As the comments already suggest, it's basically just in major. If you want to call it a mode, that would be Ionian, but it's pretty strongly based on dominant–tonic relationships, so I think "major" would be more accurate than "Ionian." (See What is the difference between C major and C Ionian?)
The opening is all based on the C-major collection, and it's a bit reminiscent of Terry Riley's "In C." Around 1:20, Conti introduces a couple of accidentals (among them B♭ and E♭), but this is really just a transition to what begins at 1:23, which is really D Dorian. But interestingly, this D Dorian includes the exact same pitches as C major. Thus he hasn't changed any pitches, only the tonal center. By about 1:45, he's already moving back to C major.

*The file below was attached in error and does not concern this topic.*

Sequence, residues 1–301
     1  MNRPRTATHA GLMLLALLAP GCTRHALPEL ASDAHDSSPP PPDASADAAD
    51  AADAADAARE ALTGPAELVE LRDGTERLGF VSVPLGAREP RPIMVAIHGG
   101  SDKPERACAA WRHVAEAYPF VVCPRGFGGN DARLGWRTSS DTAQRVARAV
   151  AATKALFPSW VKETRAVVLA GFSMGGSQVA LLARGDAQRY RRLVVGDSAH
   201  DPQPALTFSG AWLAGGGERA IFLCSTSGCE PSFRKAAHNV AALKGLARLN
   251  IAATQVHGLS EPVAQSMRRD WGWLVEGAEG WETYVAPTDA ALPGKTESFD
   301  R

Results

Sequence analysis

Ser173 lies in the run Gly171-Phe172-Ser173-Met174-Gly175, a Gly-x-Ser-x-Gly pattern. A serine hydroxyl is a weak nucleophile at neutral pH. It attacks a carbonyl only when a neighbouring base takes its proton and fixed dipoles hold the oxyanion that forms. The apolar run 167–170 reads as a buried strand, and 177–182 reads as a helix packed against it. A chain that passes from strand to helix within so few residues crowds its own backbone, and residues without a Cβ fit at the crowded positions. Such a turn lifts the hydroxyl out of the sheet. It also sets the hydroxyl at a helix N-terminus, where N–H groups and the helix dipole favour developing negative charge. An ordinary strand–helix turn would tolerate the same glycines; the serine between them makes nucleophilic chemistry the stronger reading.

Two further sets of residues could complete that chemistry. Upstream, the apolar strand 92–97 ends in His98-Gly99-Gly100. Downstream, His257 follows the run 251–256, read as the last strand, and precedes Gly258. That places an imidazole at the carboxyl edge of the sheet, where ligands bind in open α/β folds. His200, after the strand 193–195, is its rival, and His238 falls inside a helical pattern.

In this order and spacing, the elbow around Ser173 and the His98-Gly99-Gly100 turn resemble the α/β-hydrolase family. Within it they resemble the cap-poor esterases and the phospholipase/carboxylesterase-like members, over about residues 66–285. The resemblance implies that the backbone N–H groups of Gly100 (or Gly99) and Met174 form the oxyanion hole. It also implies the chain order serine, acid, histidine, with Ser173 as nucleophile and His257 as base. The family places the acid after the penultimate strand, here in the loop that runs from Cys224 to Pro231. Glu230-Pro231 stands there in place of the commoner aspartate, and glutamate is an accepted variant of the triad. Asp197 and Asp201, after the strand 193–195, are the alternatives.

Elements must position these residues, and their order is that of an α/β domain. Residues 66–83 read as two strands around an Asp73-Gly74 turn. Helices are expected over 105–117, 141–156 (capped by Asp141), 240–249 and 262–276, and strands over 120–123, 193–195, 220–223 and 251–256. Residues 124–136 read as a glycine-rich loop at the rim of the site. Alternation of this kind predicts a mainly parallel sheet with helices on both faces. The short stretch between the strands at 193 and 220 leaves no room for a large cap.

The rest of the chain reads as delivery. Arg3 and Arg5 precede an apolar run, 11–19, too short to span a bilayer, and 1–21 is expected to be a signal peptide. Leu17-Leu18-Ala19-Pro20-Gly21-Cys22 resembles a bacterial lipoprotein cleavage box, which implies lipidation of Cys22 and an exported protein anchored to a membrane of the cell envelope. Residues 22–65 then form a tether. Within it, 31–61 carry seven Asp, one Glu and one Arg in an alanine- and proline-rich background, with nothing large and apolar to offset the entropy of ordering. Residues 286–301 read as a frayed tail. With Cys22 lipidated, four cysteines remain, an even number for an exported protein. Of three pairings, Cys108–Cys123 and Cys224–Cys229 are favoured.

At 3:41, he moves to D major.
In short, this is all pretty standard tonal material. "That specific flying feel" is, in my opinion, due more to the instrumentation and motivic material than to any particular mode.